On 28 October 1940 Italy invaded mainland Greece from Albania. Though the Italians were initially repulsed, subsequent German intervention forced the Greek Army and a Commonwealth expeditionary force, sent from Egypt the previous month, to be evacuated by the British Navy and to fall back on Crete.
Crete’s excellent harbours were a potentially important base of operations for the British Royal Navy, from which it could threaten German and Italian shipping in the Mediterranean, while the island’s airfields brought the Ploieşti oil fields in Romania, which were critical to the German war effort, within angle of Allied bombers.
Anxious to crush the Greek resistance and to secure the southern flank before commencing offensive operations against Russia, German forces planned the assault of Crete. The continued dominance of the British Navy in the Mediterranean prevented a seaborne invasion, but on 20 May 1941 the Germans launched a massive airborne attack using paratroopers against the British, Australian, New Zealand and Greek troops defending the island.
The Germans’ main objectives were the capture of the island’s three airfields at Maleme, Rethymno and Heraklion, which would allow them to bring in reinforcements of men and supplies in sufficient numbers to overwhelm the outgunned defenders. Despite ferocious resistance, and heavy casualties, the German paratroopers captured Maleme airfield and gained the upper hand.
After many days of desperate fighting, the British, Australian, New Zealand and Greek troops were forced to evacuate the island. Over the nights of 28 to 31 May, the allied ships successfully evacuated 18000 troops, but at a cost. One aircraft carrier, two battleships, six cruisers and seven destroyers were badly damaged and another three cruisers and six destroyers were sunk with the loss of almost 2000 men. The British RAF lost forty seven aircrafts in the battle. By June 1st 1941, the evacuation was complete and the island was under German occupation.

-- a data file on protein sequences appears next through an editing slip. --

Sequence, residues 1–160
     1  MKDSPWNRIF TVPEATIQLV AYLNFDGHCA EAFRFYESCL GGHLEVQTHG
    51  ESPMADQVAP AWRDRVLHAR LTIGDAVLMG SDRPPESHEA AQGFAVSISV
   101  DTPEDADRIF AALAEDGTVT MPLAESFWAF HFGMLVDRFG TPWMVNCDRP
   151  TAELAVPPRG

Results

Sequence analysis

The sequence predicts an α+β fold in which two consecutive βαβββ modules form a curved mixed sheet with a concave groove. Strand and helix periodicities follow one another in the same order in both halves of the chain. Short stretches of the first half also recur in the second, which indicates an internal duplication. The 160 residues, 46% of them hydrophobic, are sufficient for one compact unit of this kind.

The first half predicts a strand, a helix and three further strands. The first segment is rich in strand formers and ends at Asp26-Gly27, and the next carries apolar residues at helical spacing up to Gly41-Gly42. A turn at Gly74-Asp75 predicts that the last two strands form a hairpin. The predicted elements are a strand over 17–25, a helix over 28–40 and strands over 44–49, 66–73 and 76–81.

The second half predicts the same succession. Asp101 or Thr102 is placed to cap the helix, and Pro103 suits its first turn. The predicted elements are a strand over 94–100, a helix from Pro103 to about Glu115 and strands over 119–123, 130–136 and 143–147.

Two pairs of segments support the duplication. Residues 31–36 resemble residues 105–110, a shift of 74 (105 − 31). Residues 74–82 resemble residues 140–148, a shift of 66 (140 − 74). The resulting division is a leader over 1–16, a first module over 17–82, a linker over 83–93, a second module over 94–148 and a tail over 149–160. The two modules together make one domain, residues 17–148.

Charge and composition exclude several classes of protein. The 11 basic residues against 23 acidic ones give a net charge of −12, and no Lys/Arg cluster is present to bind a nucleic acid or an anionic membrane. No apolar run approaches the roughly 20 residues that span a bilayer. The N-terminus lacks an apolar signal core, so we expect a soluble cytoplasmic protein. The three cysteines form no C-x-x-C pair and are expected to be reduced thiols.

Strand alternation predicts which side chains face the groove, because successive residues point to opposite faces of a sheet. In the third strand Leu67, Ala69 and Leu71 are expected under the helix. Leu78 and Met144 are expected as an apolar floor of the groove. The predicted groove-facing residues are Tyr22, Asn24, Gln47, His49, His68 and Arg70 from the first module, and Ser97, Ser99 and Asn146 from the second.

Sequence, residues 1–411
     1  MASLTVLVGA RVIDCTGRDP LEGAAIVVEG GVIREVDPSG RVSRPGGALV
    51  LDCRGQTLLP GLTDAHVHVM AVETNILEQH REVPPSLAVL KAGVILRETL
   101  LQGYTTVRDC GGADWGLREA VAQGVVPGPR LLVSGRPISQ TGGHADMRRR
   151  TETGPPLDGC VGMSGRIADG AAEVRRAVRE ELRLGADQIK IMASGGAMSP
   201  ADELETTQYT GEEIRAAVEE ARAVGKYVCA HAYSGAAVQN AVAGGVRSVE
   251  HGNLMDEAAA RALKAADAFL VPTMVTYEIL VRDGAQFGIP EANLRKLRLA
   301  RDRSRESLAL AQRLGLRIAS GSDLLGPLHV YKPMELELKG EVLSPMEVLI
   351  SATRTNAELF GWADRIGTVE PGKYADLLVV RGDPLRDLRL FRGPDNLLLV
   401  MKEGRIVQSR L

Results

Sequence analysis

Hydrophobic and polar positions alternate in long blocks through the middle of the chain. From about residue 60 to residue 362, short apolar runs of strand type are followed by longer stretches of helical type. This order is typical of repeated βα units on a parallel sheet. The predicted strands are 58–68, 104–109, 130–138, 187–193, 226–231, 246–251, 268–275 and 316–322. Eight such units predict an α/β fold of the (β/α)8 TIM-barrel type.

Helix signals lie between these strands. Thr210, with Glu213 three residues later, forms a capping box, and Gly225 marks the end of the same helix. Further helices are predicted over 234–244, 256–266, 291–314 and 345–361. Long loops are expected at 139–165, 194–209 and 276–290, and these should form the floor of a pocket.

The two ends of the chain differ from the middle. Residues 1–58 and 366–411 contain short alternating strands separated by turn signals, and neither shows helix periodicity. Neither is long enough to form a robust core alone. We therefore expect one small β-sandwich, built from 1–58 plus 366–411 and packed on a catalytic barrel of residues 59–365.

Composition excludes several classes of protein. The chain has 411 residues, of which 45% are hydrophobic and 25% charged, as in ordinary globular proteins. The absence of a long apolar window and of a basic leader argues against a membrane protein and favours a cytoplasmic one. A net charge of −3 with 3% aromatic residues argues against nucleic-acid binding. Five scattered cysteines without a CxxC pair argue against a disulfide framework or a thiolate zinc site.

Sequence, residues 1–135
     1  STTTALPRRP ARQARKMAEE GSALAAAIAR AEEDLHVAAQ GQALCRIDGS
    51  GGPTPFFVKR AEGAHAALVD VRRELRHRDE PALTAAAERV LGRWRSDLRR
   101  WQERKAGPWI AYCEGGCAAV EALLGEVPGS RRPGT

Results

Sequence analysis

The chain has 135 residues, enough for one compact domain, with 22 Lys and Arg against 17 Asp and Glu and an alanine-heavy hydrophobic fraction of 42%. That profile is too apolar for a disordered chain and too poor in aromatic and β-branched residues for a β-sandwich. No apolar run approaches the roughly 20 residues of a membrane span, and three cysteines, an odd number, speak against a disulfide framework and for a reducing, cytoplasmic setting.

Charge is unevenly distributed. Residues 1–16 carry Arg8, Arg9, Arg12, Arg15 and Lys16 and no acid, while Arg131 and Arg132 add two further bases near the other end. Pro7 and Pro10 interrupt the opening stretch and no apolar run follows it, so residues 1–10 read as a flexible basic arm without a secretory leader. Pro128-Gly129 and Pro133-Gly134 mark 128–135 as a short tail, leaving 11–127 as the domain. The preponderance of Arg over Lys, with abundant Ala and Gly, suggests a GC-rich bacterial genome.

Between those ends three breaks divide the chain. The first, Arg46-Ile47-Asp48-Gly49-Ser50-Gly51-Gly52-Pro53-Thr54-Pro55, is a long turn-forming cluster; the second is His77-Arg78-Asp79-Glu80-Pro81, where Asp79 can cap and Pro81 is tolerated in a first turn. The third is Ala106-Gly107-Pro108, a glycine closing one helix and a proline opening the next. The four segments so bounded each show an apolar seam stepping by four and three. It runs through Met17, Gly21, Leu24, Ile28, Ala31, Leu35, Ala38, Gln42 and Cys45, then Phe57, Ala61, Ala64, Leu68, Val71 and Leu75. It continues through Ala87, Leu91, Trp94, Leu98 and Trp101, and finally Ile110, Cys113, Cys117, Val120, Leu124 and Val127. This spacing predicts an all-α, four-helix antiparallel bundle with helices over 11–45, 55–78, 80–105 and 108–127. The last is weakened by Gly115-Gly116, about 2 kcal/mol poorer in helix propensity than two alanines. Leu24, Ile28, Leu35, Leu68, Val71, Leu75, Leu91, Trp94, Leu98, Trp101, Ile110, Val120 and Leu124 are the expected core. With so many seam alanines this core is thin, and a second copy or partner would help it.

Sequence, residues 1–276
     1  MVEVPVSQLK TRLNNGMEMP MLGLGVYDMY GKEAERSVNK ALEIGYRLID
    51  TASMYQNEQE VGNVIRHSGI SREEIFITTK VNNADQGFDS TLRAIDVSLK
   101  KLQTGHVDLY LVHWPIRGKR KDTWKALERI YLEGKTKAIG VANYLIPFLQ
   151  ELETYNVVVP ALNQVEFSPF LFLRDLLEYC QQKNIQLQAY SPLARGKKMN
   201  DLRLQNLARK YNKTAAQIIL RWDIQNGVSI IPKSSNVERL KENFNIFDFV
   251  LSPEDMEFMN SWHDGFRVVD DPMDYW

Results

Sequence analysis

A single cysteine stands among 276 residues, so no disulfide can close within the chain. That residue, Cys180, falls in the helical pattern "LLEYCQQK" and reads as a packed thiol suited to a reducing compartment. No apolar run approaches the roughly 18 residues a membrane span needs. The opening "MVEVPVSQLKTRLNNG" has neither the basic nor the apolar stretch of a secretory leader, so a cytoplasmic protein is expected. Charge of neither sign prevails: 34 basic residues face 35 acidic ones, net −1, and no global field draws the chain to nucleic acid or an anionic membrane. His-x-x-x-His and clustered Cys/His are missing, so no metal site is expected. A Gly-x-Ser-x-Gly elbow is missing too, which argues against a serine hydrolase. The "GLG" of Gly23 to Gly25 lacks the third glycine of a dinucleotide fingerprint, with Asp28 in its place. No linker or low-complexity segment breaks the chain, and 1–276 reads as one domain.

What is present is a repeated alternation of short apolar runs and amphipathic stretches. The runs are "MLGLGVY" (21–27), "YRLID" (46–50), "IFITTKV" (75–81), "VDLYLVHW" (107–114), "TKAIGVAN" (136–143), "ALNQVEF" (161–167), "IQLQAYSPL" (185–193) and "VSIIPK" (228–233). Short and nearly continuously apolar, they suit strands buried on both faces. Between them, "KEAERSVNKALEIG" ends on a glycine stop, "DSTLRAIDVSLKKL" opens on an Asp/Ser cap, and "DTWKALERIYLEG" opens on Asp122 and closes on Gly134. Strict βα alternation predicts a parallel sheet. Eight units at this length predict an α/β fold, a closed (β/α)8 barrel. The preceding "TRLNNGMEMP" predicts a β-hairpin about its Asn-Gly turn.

The Battle of Crete was a German victory but a costly one. It is estimated that out of an assault force of just over 22000 men, the Germans suffered over 6500 casualties, of which over 4000 were killed or missing. Of the total Allied force in Crete of 32000 men and 12000 Greeks, approximately 18000 were evacuated, 12000 were taken prisoner and 2500 lost their lives.
Since the allied forced left Crete, the Germans settled the Italians in Lassithi and kept the rest Crete (Heraklion, Rethymnon, Chania) under their possession. The civilian population of Crete suffered bloody days mostly in retaliation for resistance activities by rebel groups.
The Germans were unable to confront the rebels in the inhospitable Cretan mountains, so turned against the civilian population in violation of every international treaty. Dozens of villages were leveled, children, women and elderly were executed, monasteries and archaeological sites were plundered, infrastructure was destroyed…
Even today no justice for the atrocities of the Germans against the civilian population of Crete has been set. Kontomari, Kakopetros, Kali Sykia, Viannos, Kandanos, Ierapetra, Anogia Vorizia, Amari ... dozens of villages are still awaiting justice.
The Battle of Crete was the first pure airborne invasion in history. Due to the huge losses in elite soldiers it was never attempted again.